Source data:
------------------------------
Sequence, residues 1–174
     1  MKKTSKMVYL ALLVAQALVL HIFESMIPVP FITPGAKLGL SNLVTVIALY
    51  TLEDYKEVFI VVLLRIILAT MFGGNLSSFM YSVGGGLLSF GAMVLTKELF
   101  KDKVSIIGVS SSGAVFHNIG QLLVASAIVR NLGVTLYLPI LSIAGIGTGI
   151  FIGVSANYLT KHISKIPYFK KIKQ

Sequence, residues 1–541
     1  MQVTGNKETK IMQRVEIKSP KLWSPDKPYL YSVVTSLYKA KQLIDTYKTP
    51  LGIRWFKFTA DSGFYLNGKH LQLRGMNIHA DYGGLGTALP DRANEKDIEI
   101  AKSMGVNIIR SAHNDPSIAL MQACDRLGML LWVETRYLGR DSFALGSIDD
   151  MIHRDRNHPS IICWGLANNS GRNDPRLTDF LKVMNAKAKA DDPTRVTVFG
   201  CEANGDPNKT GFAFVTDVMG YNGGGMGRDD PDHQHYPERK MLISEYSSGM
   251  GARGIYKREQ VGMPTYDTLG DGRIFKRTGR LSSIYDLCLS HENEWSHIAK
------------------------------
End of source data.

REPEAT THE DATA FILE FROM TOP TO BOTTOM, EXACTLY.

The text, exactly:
Sequence, residues 1–174
     1  MKKTSKMVYL ALLVAQALVL HIFESMIPVP FITPGAKLGL SNLVTVIALY
    51  TLEDYKEVFI VVLLRIILAT MFGGNLSSFM YSVGGGLLSF GAMVLTKELF
   101  KDKVSIIGVS SSGAVFHNIG QLLVASAIVR NLGVTLYLPI LSIAGIGTGI
   151  FIGVSANYLT KHISKIPYFK KIKQ

Sequence, residues 1–541
     1  MQVTGNKETK IMQRVEIKSP KLWSPDKPYL YSVVTSLYKA KQLIDTYKTP
    51  LGIRWFKFTA DSGFYLNGKH LQLRGMNIHA DYGGLGTALP DRANEKDIEI
   101  AKSMGVNIIR SAHNDPSIAL MQACDRLGML LWVETRYLGR DSFALGSIDD
   151  MIHRDRNHPS IICWGLANNS GRNDPRLTDF LKVMNAKAKA DDPTRVTVFG
   201  CEANGDPNKT GFAFVTDVMG YNGGGMGRDD PDHQHYPERK MLISEYSSGM
   251  GARGIYKREQ VGMPTYDTLG DGRIFKRTGR LSSIYDLCLS HENEWSHIAK